This favourable forecast is underpinned by a number of factors. The latest inflation expectations survey conducted on behalf of the Bank by the Bureau for Economic Research (BER) at the University of Stellenbosch shows a significant decline in inflation expectations. According to the survey, CPIX inflation expectations reached their lowest level since the BER started the survey in 2000. For the first time, all groups of respondents expect inflation to be below the upper end of the inflation target band. On average CPIX inflation is expected to be at 4,5 per cent, the mid-point of the band for 2005, down from 5,5 per cent in the previous survey. CPIX inflation is also expected to remain within the target range for the next 3 years. This outcome indicates that there is an increasing acceptance by the South African population that the low levels of inflation achieved over the past 18 months can be sustained. These improved expectations are corroborated by the gap between the nominal yield on conventional bonds and the real yield on inflation-linked bonds. Although the expected long-term inflation implied by these yields has risen since their February lows, they nevertheless indicate longer-term expectations comfortably within the target range.
Government’s fiscal policies also remain supportive of monetary policy. Higher than expected tax revenues have resulted in a deficit before borrowing significantly lower than the original estimate of 3,1 per cent and the revised estimate of 2,3 per cent of GDP announced in the budget. Other positive factors include continued low world inflation, progress being made with respect to administered prices and low levels of food price increases in part as a result of the bumper maize crop.
Not all the positive factors identified in the previous statement of the MPC have improved however. Unit labour cost developments present a mixed picture. In the last MPC statement we commented on the marked moderation in salary and wage increases. Revisions to the Survey of Employment and Earnings undertaken by Statistics South Africa now indicate that average earnings rose by 7,2 per cent and 10,5 per cent in the third and fourth quarters respectively. With labour productivity growth declining to 0,6 per cent and 0,4 per cent in those quarters, it implies an increase in unit labour cost in the formal non-agricultural sectors of the economy of 6,6 per cent in the third quarter, compared to the original estimate of 4,9 per cent, and 10,1 per cent in the fourth quarter. The average unit labour cost increase for 2004 was 7,3 per cent compared to 4,0 per cent in the previous year. While these figures taken at face value should be a cause for concern, they do not necessarily reflect a reversal of the downward trend in reported nominal wage settlements, which according to recent surveys averaged below 7 per cent in 2004 and around 6 per cent in the first quarter of 2005. These figures appear to confirm the lagged nature of wage settlements, and the continuing adjustment to lower inflation rates. Because of their importance to the inflation process, these developments will be closely monitored by the MPC.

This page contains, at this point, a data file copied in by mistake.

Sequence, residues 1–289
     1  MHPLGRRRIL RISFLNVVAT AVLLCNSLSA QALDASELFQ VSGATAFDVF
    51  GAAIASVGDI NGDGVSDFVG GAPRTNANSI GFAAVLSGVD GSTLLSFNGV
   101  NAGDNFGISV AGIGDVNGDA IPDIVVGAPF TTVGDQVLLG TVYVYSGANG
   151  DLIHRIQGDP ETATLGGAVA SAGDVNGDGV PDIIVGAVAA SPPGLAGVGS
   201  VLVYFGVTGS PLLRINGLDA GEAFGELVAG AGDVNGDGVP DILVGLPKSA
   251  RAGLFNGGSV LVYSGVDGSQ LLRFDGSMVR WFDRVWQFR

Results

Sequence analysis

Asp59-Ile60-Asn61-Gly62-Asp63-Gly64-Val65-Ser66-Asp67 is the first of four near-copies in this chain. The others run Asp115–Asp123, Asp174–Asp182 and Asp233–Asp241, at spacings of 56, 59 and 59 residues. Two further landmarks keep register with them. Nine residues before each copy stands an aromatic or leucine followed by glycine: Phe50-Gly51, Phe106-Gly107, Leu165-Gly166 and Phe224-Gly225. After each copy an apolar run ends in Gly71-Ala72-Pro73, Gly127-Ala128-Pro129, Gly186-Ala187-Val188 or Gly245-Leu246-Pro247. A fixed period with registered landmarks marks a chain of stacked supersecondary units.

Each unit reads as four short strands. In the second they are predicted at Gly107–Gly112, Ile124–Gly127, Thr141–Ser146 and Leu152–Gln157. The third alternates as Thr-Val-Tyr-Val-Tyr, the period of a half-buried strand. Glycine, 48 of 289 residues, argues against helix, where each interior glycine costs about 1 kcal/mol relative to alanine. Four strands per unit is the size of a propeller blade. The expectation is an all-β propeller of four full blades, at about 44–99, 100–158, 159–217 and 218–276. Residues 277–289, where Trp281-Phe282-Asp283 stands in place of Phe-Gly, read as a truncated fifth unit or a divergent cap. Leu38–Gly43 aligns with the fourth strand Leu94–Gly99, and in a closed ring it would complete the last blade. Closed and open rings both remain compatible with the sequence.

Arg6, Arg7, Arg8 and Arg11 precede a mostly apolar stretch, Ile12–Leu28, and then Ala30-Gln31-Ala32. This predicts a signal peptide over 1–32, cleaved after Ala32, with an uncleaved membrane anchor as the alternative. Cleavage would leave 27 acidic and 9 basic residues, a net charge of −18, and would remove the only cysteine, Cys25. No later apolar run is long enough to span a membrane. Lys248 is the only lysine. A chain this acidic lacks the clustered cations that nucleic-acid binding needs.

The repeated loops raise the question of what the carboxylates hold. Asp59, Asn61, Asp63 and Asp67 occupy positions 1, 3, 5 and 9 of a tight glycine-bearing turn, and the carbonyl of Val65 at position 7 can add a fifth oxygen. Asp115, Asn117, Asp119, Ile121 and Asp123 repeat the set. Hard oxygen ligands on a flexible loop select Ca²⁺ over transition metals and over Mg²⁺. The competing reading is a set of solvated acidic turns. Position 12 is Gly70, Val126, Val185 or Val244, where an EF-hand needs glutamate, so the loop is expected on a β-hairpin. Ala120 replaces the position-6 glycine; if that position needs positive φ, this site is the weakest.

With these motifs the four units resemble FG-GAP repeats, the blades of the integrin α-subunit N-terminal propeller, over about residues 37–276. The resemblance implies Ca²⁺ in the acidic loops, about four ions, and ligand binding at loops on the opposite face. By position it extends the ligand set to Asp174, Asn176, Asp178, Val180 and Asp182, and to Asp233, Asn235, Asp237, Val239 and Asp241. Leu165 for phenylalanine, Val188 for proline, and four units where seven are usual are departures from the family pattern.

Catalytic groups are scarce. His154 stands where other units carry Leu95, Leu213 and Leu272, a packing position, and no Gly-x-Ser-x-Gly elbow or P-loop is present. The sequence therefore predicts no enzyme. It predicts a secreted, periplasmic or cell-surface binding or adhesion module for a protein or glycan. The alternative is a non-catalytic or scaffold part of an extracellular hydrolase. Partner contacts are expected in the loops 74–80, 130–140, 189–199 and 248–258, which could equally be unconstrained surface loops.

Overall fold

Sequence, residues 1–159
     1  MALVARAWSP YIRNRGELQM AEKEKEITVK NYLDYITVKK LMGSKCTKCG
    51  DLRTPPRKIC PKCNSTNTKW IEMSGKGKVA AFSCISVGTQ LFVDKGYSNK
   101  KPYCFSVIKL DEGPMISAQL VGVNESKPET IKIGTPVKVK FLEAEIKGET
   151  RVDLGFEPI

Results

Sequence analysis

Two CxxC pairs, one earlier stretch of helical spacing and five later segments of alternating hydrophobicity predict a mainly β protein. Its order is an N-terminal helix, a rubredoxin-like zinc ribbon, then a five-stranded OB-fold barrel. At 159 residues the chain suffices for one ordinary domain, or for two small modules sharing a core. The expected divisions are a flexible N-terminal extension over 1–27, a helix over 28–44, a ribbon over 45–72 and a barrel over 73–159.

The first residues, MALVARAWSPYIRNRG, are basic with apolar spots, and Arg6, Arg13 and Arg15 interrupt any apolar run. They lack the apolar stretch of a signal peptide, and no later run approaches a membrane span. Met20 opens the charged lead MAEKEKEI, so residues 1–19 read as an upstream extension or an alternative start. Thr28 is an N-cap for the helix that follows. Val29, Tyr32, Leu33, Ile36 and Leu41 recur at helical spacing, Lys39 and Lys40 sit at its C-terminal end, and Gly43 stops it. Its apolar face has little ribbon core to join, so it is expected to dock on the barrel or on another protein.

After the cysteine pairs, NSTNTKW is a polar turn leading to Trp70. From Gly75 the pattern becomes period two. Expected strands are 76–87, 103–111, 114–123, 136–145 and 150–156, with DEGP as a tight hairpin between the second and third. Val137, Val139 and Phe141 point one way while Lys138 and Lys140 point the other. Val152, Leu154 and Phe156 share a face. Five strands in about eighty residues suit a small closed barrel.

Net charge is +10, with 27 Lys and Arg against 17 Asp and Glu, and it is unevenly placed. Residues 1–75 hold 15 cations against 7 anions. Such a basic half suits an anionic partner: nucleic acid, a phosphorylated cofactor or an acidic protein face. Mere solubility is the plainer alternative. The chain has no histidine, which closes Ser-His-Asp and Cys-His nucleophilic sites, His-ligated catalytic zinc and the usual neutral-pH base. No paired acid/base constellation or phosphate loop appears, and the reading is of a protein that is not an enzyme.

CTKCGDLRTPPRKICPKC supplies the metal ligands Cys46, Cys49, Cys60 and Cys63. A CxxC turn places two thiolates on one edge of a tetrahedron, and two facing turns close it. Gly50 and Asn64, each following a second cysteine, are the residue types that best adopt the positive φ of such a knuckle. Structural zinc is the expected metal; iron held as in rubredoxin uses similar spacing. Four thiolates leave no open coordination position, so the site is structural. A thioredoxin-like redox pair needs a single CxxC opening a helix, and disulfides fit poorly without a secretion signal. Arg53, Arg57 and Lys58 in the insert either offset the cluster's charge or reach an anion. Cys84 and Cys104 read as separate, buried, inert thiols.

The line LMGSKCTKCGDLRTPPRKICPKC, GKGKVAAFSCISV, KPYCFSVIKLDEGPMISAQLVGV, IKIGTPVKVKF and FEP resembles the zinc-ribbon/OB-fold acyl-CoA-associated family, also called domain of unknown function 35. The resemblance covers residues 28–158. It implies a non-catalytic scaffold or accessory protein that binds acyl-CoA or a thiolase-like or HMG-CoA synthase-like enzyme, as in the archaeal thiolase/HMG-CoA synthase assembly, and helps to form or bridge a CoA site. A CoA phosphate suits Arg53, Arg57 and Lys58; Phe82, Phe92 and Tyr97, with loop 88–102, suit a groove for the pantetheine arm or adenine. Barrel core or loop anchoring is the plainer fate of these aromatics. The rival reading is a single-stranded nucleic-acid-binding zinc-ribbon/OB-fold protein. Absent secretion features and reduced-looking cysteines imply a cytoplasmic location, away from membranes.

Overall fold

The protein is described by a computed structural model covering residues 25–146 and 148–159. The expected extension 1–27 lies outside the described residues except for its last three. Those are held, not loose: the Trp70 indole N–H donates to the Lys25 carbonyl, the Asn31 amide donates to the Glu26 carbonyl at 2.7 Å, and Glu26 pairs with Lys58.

There are a number of upside risks to the inflation outlook which the MPC has taken cognisance of. The most important risk factor remains the uncertainty relating to the international oil prices. The price of Brent crude has averaged around US$54 per barrel since the beginning of April, compared to US$45 per barrel in February and the outlook for oil prices has become increasingly uncertain.
Domestic expenditure continues to be robust. Growth in real gross domestic expenditure averaged 6,5 per cent in 2004, and real final demand averaged 6,8 per cent. This was a result of acceleration in real household and government consumption expenditure and real gross fixed capital formation. The strong growth in private sector consumption continues to be sustained by relatively low nominal interest rates, higher asset prices, higher levels of consumer confidence and increased real disposable incomes.